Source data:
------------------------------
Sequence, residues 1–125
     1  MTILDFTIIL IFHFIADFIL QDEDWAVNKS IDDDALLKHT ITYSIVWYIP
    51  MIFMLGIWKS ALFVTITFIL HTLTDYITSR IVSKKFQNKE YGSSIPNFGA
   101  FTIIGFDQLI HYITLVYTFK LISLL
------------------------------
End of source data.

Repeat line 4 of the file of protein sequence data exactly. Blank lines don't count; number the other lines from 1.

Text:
   101  FTIIGFDQLI HYITLVYTFK LISLL